What do Palau SCUBA Diving and Memorial Day have in common?
In one memory, I am in Palau, SCUBA diving along pristine coral reefs in clear waters. In another, I am sitting with my mom, looking out over a sea of polished, gleaming white headstones thinking of my grandfather who fought in WWII. He had a successful medical practice and was well past draft age – in his 40’s I think, but he volunteered to go over and fight in Europe because that’s the kind of man he was and that’s the kind of country we have. Memorial Day is a special day – it’s a celebration of that spirit and the men and women that have died for it.
First enacted to honor fallen Union solders during the Civil War, Memorial Day commemorates men and women who died while in the military service of our country. Originally, it was a celebration of the end of the Civil War and the Union solders killed in it but has expanded significantly since WWI.
Sitting on the beach in Palau
Fastforward back to that other memory and I’m sitting on a beach – which is not an usual thing for me. This beach is beautiful, like a number of beaches I’ve been fortunate enough to stick my toes into. The sand is white and has almost flour like consistency. It’s smooth and comfortable. The water is bath tub warm, turquoise and clear and you can easily see tropical fish swimming in the shallows which extend out for some fifty yards. It’s a place where you could spend hours and hours snorkeling. There are a few puffy, white clouds in the sky but not enough to deflect the relentless sun. Man, it’s hot. But that’s OK because only twenty yards up the beach is the edge of the jungle with plenty of shade from the trees that stretch out over the sand. This is Orange Beach on the island of Peleliu and could be the definition of paradise unless you were here on the morning of September 15, 1944 when we would have been ducking mortar, machine gun and artillery fire – if we had survived the ride into the beach through thousands of mines and an obstacle course designed to disable our landing vehicle. It’s totally surreal.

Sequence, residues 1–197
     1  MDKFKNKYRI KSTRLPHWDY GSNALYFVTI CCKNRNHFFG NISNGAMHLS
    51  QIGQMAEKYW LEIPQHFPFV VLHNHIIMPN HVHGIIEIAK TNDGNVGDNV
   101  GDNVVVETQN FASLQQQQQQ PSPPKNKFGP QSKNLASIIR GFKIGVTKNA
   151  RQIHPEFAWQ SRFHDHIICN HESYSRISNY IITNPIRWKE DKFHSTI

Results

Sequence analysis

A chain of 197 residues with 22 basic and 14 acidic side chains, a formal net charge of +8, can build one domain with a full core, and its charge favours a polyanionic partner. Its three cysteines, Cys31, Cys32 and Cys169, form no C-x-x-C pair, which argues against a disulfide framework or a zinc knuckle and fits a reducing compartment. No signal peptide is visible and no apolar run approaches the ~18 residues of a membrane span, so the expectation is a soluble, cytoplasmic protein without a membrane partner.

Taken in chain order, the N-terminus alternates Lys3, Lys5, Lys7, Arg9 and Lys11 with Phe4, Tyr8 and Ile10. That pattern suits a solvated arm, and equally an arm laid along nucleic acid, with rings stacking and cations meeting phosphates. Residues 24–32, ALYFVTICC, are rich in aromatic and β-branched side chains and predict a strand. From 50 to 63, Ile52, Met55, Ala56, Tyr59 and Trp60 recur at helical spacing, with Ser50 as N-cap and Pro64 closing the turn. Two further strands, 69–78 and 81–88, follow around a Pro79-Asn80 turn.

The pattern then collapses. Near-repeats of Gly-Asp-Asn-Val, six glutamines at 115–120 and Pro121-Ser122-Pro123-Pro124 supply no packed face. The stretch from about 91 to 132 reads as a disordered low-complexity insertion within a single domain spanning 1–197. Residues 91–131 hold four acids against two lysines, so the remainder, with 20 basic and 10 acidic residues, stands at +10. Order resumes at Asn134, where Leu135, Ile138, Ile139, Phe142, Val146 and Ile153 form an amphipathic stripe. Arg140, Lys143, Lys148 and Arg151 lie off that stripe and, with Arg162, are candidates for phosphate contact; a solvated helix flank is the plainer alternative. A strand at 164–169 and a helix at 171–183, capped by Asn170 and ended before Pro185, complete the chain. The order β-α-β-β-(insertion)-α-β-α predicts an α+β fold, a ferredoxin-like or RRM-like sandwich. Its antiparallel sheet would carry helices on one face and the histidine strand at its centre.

SCUBA Diving in Palau and much more
One of the coolest things about leading diving adventures all over the globe is that the places where we find the best diving in the world usually also have other remarkable things about them – culture, history, ancient ruins or other adventure activities. One of the things I love is really checking this other stuff out too. Nothing quite like two world class dives in the morning and then an afternoon of other great stuff. Palau is custom built for this.
Where is Palau?
Most divers have heard of Palau even if they don’t know exactly where it is (about 500 miles east of the southern Philippines). Palau resides in the pantheon of kick ass diving, being anointed one of the seven underwater wonders of the world. The two most southern islands in the group are Peleliu and Angaur. Most people have never heard of Peleliu unless you’re a Marine. For U.S. Marines, that name ranks up there with Iwo Jima, Tarawa and Guadalcanal and is more notorious than famous. During WWII, a U.S. commander for the invasion predicted Peleliu would be taken in four days. It’s where 11,000 Japanese defenders had enmeshed themselves into the island, creating a vast network of interconnected underground defensive systems that were virtually impregnable to the massive pre invasion bombardment. The marines of the first division walked into a hailstorm that morning and the four day cakewalk turned into a multi month conflict that had the highest casualty rate for the Marines in all WWII.